My personal strategy after registering for the date and completing the course was:

    1. Read 1 domain in the Conrad Study Guide 3rd edition
    2. Highlight definition words and key concepts in the book and to highlight words that describe/define them as concisely as possible
    3. Do the 15 question quiz in the Study Guide book
    4. Go back to the beginning of the domain and transfer highlighted portions into my .txt notes file, searching Google or appendix when add’l info was needed
    5. Do the 100 questions for the domain in the ISC2 official practice tests book
    6. If an question I immediately have no clue or idea, circle the question’s number in the back answers section
    7. Grade the test and in the back answers section, circle the number of the questions I got wrong
    8. For circled questions, read the solution/explanation and add more to my .txt file if needed
    9. Repeat for all domains
    10. Day of test – review notes file from beginning if time allows, else do it the day before ( I should have started this earlier as it was much longer to go through than I expected)

This took about 4-5 weeks of intense studying after scheduling my exam with about 3-5 hours per day with some off-days and lots of short breaks. Don’t get overwhelmed by the magnitude, but really force yourself into studying what is most confusing and difficult. Try to go beyond definitions and understand the situations in which different solutions should be implemented/preferred. It’s important to have a secluded place to study away from distractions, devices, dogs, TVs, and other people so you only have what’s in front of you and nothing else.

I can provide my .txt file to anyone interested. It ended up being over 1500 lines of notes and even that wasn’t entirely everything that could be on the test, but going through the process of typing things out is what really helped me solidify and internalize everything.

KY – I would like to share you the news that I passed my CISSP exam on 08/22. During the test, I didn’t get any straight or simple questions like in Pearson practice tests. Most of my questions were scenario based questions.

Thank you very much for teaching the course and sharing your experiences.

Here is what I did:

I studied and practiced the same materials from our class over and over as I don’t want to get overwhelmed with different study materials:

Few days before the exam, I also used this book from O’Reilly (Eleventh Hour CISSP®, 3rd Edition – By Eric Conrad, Seth Misenar, Joshua Feldman) which gives the overview of all the concepts.

From the CISSP sub-Reddit

My time to said: I cleared the exam! Some points:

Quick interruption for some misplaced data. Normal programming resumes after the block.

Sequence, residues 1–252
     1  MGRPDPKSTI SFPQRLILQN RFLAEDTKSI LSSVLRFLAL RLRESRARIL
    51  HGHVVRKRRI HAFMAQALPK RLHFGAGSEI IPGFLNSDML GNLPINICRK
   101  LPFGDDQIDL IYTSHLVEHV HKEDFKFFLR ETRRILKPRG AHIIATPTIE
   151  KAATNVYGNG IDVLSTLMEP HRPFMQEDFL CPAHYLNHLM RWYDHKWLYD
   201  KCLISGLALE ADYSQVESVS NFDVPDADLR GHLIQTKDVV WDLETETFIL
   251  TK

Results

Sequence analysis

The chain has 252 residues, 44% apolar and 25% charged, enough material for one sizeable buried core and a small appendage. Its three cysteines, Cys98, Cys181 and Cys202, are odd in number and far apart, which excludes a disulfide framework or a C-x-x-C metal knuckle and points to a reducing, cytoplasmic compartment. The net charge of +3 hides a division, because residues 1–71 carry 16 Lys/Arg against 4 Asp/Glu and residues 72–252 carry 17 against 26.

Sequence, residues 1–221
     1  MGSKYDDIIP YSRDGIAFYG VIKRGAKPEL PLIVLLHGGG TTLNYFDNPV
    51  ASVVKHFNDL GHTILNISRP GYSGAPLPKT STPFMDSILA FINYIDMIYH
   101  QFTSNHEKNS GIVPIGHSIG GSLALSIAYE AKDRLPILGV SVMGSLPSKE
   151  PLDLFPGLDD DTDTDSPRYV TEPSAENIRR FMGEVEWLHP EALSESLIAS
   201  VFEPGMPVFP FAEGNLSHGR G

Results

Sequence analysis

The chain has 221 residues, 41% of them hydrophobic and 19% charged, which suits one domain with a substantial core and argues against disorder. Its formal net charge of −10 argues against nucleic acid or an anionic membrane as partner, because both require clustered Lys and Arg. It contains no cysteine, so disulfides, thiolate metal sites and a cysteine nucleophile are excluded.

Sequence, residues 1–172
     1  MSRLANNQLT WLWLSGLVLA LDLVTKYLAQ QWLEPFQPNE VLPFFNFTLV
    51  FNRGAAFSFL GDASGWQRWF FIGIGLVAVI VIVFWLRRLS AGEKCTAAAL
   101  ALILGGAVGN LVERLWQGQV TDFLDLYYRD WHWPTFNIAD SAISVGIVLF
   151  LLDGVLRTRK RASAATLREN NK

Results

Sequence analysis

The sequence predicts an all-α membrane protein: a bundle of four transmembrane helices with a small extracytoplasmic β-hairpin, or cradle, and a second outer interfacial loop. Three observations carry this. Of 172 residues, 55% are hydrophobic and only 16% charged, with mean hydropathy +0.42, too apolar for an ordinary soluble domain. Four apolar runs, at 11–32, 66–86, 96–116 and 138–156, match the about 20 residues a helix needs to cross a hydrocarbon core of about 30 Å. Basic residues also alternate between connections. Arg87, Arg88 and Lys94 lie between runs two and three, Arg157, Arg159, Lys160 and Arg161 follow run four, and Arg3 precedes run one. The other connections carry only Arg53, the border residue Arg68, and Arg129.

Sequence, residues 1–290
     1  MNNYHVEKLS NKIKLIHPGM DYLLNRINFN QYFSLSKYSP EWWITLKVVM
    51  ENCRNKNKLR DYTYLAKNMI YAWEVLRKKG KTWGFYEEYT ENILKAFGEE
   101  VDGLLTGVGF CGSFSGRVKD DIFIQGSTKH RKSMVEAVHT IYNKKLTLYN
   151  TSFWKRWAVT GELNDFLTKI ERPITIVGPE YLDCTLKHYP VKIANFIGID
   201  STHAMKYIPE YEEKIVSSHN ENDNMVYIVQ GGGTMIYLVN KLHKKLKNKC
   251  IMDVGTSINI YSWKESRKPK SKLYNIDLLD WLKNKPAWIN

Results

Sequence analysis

1- My exam was a little bit more technical than most here. No port number, but lots of VPN questions, etc..

2- First 30 or so questions are worded in a hard way. Keep it up, read the questions and answers several times and

3- After those 30 or so questions, I got questions very straight, like A or B ( Boson like)

4- Know your concepts, SOC reports, basics of GDPR, ethics

Materials used:

– isc2 official book ( read once cover to cover, then read the most unknown domains again) – 9/10

– 11th hour ( good for review prior to the exam) – 10/10

– Boson ( great questions and answers)- 10/10

– Mindmap certification videos on youtube ( Those guys are monsters. They explained Kerberos in a way that even a kid can understand. If you want to to a prep course, they are the ones to call ) – 11/10

– Phone apps with questions: 08/10

– Isc2 practice tests: 09/10

– All-in-one book and questions ( Shon Harris): I don’t recommend it. Too technical.

I was a little bit afraid, because I was getting very tired of studying ( studying every day at least for an hour, for about 4 months). My advice is: be smart about your studies. Focus on the domain you are weak, and use the tactic that works best for YOU ( I took security+, cysa+ and CISSP in a time-span of 6 months, that helped in memorizing the key concepts). Some people work better with videos, others writing ( like me), so know how information stick to you.

All the best for you guys! you can make it!

If you have recently taken the exam, feel free to contribute your experience in the comments section,  Please DO NOT provide question examples in violation of the NDA, those will be deleted.  But other comments of how the tst went for you, what sort of questions (scenario, multiple choice) and the study aids you found most valuable for preparation are welcome.

More resources:


About the Author:

I am a cybersecurity and IT instructor, cybersecurity analyst, pen-tester, trainer, and speaker. I am an owner of the WyzCo Group Inc. In addition to consulting on security products and services, I also conduct security audits, compliance audits, vulnerability assessments and penetration tests. I also teach Cybersecurity Awareness Training classes. I work as an information technology and cybersecurity instructor for several training and certification organizations. I have worked in corporate, military, government, and workforce development training environments I am a frequent speaker at professional conferences such as the Minnesota Bloggers Conference, Secure360 Security Conference in 2016, 2017, 2018, 2019, the (ISC)2 World Congress 2016, and the ISSA International Conference 2017, and many local community organizations, including Chambers of Commerce, SCORE, and several school districts. I have been blogging on cybersecurity since 2006 at